Why Ross Perot is made for the 2012 race

at 10:55 AM ET, 07/21/2012

Remember Ross Perot?


Texas billionaire Ross Perot laughs after saying "Watch my lips," in response to reporters asking when he plans to formally enter the Presidential race. Questions came May 5, 1992 in New York City where Perot was speaking before the American Newspapers Publishers Association. (AP Photo/Richard Drew)
The Texas billionaire, who ran twice for president in the 1990s, has the distinction of being the last third party candidate to become a major factor in a national race. (Perot took 19 percent nationwide in 1992.)

While Perot was a major political story twenty years ago, a look at the political landscape in 2012 suggests the Texan might well have been a man ahead of his time.

Perot’s laser focus on debt and spending issues — not to mention his outsider persona — is a perfect fit for an American electorate sick of the two major parties and increasingly concerned about the country’s red ink.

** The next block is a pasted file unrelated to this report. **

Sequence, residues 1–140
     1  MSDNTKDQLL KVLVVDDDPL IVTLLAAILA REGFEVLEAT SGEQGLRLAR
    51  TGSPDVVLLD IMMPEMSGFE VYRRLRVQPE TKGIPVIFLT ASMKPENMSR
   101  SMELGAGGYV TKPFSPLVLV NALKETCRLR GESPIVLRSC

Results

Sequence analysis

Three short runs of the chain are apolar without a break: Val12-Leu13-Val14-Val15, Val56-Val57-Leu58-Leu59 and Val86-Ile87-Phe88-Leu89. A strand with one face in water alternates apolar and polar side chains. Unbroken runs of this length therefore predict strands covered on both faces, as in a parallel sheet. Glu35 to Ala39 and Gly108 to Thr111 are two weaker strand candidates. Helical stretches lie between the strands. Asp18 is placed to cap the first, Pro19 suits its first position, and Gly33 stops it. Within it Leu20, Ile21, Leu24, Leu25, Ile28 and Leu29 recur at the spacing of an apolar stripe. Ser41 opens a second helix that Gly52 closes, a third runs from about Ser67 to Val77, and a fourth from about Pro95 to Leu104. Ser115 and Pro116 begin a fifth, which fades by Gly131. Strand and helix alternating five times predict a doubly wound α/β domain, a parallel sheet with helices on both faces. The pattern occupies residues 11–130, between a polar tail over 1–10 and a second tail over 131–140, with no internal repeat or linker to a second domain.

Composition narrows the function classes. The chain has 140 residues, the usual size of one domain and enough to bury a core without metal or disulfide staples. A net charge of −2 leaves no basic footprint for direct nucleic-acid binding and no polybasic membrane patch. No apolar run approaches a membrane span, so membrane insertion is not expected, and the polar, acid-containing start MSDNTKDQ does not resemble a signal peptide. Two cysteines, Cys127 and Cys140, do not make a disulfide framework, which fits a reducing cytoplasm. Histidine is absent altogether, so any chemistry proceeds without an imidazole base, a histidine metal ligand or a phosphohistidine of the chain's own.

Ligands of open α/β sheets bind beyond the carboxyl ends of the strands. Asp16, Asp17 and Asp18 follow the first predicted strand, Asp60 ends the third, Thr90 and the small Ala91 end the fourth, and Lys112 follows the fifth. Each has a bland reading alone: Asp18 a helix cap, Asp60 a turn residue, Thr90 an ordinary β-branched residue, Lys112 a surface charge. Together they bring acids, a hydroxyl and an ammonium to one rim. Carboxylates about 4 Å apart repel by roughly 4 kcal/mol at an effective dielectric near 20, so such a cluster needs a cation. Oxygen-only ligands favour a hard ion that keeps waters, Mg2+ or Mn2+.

In a piece for the Outlook section, we argue why Perot is even more relevant in 2012 than he was in 1992. Here’s the gist of our argument:

Go back and watch the 30-minute infomercials  — funded by his massive wealth and, even then, a decidedly unorthodox strategy in a world of 30-second ads — he ran during the campaign, and you begin to see just how perfectly Perot would fit into our current political environment.
In one infomercial titled, yes, “Chicken Feathers, Deep Voodoo and the American Dream,” Perot uses a series of charts to highlight the ballooning federal debt ($4.1 trillion!), saying: “This is a huge burden for us to bear . . . we can’t pass it on to our children.”
In a more traditional — although that word and Perot don’t really go together — campaign ad, a narrator warned of a new war in which “the enemy is not the red flag of communism but the red ink of our national debt, the red tape of our government bureaucracy.”
Sound familiar? Today it’s de rigueur for politicians in both parties to speak in ominous terms about the danger of the debt, in an unwitting homage to Perot. Indiana Gov. Mitch Daniels (R), long considered a potential 2012 presidential candidate, gave a speech to the Conservative Political Action Conference in February 2011 in which he referred to the nation’s debt problem as the “new red menace .” No word on whether Perot got royalties.

 
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